My friend Alan is a culinary school grad who has put the world of professional kitchens behind him (at least for now) and is staying at home with his cute, young son. He and his wife started a tradition a few months ago where they would invite a couple who would bring the ingredients and he would turn them into a meal. The catch is that these were mystery ingredients, only to be revealed when the guests arrived. And all the ingredients must be used, but you can supplement with anything in the house.
My wife and I went to Alan’s and Erin’s house some time ago, and he expected me to bring something exotic. Instead I brought chicken. Sure, it was really good poulet rouge chicken, but it was still just chicken. I also brought yellow cauliflower, Arkansas black apples, thyme, lima beans, littleneck clams, red beets, radishes and Meyer lemons. Alan did a great job, making 3 savory dishes: (1) Roasted beets with apple, wilted beet greens, toasted walnuts and tarragon/thyme vinaigrette; (2) Littleneck clams with Spanish chorizo, fennel, pine nuts and Meyer lemon; and (3) Roasted poulet rouge, with lima beans, radish and leeks, yellow cauliflower puree and jus.
This past Saturday, Alan turned it around, and he and Erin brought the ingredients.
These included farm fresh eggs, bay scallops, blood oranges, fiddleheads, key limes, golden raisins, Israeli couscous, arugula, green garlic, radishes, rainbow chard, and a fucking duck. No, I’ve never cooked a whole duck before. No, I’ve never broken down a duck before. And no, I still really haven’t done either now. That’s what my sous chef, Alan, was for.
Anyhow, I didn’t want to do three savory courses, as I really like dessert. And with the citrus elements, and the eggs, I knew I could pull off something decent. So I went to work on a key lime pound cake. Very simple, but tasty. I also knew that I had some dulce de leche in the refrigerator, so I reduced some blood orange juice and added that to the caramel along with golden raisins that had been plumped up in white wine and black pepper. Finally, I made some blood orange ice cream. The dish itself looked terrible — brown on brown, with the caramel seizing up a bit, but it tasted pretty good. I needed some contrast with the flavors, too, I suspect, but it wasn’t a bad effort.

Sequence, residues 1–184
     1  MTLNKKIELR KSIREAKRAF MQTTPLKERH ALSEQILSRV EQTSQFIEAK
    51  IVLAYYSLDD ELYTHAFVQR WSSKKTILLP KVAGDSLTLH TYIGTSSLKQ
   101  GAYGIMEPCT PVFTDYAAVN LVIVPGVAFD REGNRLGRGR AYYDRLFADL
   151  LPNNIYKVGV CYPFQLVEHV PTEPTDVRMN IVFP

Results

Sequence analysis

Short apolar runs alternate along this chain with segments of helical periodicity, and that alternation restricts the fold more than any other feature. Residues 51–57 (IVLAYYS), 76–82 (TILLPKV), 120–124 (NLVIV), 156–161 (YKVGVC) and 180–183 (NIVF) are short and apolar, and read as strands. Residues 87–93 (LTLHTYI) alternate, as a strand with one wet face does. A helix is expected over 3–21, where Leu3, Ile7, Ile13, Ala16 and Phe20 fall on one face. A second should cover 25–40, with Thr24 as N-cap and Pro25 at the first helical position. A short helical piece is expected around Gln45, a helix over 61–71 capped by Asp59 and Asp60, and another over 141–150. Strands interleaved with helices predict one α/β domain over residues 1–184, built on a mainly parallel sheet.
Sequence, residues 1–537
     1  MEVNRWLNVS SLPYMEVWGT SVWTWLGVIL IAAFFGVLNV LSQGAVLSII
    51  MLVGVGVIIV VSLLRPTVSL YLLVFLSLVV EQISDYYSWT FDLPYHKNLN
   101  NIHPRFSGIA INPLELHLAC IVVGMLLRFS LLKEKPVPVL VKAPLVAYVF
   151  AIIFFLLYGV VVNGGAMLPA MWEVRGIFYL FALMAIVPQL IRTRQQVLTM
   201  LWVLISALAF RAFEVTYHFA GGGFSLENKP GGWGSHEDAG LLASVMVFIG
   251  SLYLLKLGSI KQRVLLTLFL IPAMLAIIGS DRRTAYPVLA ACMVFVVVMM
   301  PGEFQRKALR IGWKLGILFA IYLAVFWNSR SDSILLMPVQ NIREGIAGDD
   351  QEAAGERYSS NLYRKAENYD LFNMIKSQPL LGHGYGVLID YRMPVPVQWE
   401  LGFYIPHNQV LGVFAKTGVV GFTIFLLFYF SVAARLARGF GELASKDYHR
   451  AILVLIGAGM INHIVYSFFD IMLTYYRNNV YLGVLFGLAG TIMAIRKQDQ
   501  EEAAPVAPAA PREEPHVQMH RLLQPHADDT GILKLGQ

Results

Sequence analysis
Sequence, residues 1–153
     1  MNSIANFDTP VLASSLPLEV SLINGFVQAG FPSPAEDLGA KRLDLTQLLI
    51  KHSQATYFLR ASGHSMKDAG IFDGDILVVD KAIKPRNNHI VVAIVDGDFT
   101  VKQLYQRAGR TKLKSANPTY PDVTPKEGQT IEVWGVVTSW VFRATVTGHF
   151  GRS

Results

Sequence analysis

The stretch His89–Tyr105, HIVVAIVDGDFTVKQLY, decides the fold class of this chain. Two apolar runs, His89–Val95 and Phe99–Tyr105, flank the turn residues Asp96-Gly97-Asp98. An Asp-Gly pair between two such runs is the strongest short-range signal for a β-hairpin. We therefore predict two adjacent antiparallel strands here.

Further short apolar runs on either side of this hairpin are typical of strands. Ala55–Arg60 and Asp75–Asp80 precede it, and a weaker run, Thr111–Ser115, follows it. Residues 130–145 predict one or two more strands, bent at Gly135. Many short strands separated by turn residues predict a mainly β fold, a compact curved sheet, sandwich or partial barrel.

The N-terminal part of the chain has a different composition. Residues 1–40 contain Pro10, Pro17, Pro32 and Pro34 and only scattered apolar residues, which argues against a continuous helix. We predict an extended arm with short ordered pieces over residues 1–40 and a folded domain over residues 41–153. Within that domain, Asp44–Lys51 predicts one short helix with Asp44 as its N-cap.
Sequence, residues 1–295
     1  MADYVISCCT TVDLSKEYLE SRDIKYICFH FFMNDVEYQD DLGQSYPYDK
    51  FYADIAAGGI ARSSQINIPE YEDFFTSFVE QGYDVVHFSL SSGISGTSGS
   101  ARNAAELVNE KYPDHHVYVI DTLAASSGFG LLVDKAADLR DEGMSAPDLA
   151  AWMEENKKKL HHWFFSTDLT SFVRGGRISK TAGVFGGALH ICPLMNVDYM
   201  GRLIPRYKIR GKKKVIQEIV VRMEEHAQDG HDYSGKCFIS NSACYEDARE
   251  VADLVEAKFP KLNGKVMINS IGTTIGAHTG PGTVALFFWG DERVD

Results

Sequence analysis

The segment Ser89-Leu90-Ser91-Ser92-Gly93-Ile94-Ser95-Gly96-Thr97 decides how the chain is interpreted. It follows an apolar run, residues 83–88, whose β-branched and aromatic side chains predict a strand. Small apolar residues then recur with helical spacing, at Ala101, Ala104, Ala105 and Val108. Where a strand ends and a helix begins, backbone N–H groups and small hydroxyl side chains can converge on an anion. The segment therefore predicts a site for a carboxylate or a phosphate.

I then decided to make a ceviche with the scallops, using key lime juice and zest, along with shallots, salt, and pepper. We blanched the fiddleheads, pickled the radishes in key lime juice and salt, and made a very light lemon/olive oil dressing for the arugula. I added some pistachios I had on hand, and ended up with a simple, refreshing scallop ceviche salad.
Now for the duck. The goddamn duck. I knew that if I took the time to break it down, removing all the fat, that I would take forever. Therefore, I completely figured out the dish on my own, but I was going to have Alan do most of the work on the duck. So he broke it down, reserving the fat which we rendered out. I cooked the Israeli couscous in a risotto style, starting with a soffrito of shallot, garlic, and chard stems, adding the couscous, and slowly adding chicken stock to bring out the starch. I braised the rest of the chard with duck fat and chicken stock. The duck legs and breasts were seared and popped into the oven to finish. As we were plating, I gently fried the eggs and served them atop the chard. And yes, I added just a touch of truffle oil to the eggs, which actually worked quite well.
In the end, I didn’t embarrass myself. I thought the duck dish really worked well, but I didn’t do much work with the duck itself. The weakest dish was the one in which I was most confident: dessert — my cake was dry and the caramel was gloppy (is that really a word?). It tasted fine, but I just didn’t execute it very well. We did have some issues with the oven while it was baking, but I don’t think that’s the reason the cake didn’t turn out better.
Anyhow, it was a lot of fun, and this is a fun way to spend an evening if you like to cook and don’t need to rely on recipes. Give it a try!